Lots of time is devoted to discussing the best ways to tell your children you are getting a divorce, but how do you tell your own parents?
When we talk about telling people about divorce, more often than not it is the children we have in mind – and rightly so. How the news is broken to them can really make a difference to how they cope with it, and set the standard for making the family break-up as easy on them as possible. Our #kids1st campaign and blogs over the last two weeks had put a real focus on this. But what happens when it is the children telling the parents they are divorcing? How would you tell your mum and dad what is happening?
Sorry, it’s over
It is never easy to tell someone that your relationship has come to an end, least of all your parents who you no doubt look up to. You may feel like a disappointment or that you have let them down, though they are unlikely to see it that way. However, you must tell them.
I would advise that you do it sooner rather than later. Nothing could be more upsetting for them than to hear that their child’s marriage is at an end from a neighbour or other relative. That is likely to cause more problems than the fact you are getting a divorce ever will. If possible, ring them before going around and ask them if you can have some time alone with them to discuss an important issue. This is a much better way of doing it than ringing them to give them the news or, even worse, sending a text message.
Put a limit on the personal details
To a certain extent, plan what you are going to say to them. They may not need to know all the “ins and outs” of the breakdown. There may be some highly personal issues you want to keep to yourself. I guess it depends on what kind of relationship you have with them. For some parents, it will be a shock that has come completely out of the blue. For others, even if you have not openly discussed problems with them previously, they know you and may well have an idea that something has not been right. Either way let them absorb what you say and allow them to ask questions. Don’t feel you have to answer everything there and then. It may be that you don’t have the answers at that stage. If you have told them very early on, as you should, arrangements for the children, where both parties are going to live, and things like that, will probably not yet be settled.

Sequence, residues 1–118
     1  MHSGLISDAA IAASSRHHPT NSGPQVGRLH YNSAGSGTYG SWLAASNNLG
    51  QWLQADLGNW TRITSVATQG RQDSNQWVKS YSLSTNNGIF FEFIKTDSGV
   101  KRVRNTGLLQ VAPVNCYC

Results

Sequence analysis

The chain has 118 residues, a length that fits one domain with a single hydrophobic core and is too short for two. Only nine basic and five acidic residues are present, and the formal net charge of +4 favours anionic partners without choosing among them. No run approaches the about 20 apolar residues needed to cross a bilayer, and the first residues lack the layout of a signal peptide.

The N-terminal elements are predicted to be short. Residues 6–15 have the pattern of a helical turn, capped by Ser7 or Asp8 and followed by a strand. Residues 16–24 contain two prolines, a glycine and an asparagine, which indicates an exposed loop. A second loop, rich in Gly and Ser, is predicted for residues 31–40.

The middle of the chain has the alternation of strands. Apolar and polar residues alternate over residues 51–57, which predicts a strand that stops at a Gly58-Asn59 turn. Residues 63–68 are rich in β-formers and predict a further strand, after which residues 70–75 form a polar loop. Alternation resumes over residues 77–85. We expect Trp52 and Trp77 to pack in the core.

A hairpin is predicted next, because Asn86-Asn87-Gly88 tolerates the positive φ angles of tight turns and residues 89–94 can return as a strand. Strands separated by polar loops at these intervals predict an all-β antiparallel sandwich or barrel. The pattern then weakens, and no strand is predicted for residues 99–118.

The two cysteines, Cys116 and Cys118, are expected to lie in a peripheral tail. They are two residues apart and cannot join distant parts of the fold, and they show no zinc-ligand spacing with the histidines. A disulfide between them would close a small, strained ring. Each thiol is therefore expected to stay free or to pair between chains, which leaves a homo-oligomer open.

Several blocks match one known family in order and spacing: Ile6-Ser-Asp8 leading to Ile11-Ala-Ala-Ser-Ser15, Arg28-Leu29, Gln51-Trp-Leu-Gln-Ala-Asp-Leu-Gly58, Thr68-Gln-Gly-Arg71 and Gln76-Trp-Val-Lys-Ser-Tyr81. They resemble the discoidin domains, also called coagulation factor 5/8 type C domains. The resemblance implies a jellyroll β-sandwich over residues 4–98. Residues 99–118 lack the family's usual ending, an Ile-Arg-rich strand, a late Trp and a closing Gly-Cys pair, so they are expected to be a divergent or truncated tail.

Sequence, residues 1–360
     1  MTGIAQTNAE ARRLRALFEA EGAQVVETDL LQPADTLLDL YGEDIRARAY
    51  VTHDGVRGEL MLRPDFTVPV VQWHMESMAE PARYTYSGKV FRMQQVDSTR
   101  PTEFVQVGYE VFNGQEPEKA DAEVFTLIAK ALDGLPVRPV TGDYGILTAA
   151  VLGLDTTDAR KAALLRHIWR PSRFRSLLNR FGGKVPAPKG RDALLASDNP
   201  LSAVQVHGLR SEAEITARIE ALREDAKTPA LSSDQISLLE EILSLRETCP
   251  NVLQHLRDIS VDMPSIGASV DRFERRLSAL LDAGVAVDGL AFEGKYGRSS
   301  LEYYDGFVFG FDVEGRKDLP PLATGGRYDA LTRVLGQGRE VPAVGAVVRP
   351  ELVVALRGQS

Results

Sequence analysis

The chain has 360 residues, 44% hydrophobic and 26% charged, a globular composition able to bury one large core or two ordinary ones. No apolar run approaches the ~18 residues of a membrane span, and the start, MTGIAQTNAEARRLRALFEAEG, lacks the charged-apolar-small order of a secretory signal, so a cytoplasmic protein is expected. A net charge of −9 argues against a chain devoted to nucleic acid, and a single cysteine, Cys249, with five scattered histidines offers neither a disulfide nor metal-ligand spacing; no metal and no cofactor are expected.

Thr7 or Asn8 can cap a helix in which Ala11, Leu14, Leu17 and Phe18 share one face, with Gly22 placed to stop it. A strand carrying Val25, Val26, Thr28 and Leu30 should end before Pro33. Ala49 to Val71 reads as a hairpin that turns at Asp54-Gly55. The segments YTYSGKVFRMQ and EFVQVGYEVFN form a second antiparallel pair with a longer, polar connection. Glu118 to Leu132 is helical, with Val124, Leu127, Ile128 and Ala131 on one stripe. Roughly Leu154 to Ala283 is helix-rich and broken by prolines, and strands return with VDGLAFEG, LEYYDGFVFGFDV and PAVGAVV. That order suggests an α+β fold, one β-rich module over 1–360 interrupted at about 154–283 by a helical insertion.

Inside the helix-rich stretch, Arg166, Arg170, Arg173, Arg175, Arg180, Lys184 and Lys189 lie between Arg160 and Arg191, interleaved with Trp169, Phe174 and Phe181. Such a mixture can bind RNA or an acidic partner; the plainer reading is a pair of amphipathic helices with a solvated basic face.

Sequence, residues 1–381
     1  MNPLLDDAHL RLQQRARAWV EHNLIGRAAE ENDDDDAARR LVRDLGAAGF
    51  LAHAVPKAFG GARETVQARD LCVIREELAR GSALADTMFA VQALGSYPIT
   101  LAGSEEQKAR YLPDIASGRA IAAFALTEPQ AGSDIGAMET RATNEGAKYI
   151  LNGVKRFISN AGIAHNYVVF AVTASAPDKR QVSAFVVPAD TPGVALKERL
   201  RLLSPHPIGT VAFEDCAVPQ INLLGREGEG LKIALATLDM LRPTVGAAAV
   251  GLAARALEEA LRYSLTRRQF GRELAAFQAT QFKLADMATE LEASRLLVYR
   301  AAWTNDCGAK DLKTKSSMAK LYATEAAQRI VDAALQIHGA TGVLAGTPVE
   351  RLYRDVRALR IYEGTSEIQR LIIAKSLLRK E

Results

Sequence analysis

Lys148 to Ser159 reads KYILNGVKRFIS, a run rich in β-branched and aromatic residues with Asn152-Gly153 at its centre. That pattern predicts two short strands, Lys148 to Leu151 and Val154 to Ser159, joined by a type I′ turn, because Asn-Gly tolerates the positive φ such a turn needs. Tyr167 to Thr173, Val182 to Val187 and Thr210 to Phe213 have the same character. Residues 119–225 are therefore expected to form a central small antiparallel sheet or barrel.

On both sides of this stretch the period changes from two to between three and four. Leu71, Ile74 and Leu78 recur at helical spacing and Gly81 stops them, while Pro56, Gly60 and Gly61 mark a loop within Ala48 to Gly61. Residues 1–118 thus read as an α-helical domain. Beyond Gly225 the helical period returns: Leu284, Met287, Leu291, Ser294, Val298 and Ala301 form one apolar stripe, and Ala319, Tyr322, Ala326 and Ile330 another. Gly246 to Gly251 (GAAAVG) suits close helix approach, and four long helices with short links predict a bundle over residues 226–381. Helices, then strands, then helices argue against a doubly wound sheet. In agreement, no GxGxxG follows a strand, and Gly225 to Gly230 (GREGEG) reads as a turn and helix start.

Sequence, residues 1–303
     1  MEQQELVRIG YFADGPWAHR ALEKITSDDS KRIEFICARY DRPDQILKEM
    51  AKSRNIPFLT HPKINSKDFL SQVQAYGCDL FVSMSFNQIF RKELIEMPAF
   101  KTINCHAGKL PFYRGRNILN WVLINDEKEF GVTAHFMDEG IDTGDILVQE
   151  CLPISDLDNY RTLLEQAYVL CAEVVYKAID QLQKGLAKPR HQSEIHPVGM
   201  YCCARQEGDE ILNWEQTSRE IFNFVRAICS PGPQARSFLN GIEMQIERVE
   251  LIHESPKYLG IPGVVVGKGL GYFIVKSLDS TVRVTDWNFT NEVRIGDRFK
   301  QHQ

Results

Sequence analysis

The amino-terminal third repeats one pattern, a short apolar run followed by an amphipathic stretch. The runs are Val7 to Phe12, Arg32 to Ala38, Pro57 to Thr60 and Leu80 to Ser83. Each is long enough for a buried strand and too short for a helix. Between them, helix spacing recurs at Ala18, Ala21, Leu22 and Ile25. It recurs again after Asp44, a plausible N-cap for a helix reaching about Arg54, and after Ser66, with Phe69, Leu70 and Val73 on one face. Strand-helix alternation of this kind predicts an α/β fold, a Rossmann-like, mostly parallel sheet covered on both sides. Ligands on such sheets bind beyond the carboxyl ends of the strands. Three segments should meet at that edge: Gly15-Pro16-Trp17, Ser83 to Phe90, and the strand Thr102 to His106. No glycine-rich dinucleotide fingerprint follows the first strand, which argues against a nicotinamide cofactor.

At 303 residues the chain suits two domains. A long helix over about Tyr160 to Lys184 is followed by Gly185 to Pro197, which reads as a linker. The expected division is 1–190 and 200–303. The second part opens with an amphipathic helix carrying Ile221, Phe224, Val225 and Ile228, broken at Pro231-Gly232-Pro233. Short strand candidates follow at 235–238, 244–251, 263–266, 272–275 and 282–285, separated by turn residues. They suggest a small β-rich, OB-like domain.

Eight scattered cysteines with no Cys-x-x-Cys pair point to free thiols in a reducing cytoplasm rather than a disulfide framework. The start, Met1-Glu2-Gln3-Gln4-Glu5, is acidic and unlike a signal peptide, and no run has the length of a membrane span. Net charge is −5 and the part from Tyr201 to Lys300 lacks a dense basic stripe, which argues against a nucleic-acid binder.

Demonstrate you’ve thought things through
If there are children involved, they will of course want to know about them and you can reassure them that you will always have the children’s best interests at heart. You may need more of your own parents’ support in the coming months to support the children. Continuing to spend time with grandparents does help give a level of normality to younger children.
They will also want to support you (rather than your spouse) and that is understandable but, if possible, ask that they don’t (openly) take sides. Lines like “I told you not to marry him/her” won’t help. The best thing that they can do is simply be there for you – familiar and sympathetic people you can talk to about what is going on, or just be quiet around if you prefer. After all, they know you better than anyone.
Family lawyer, Ludlow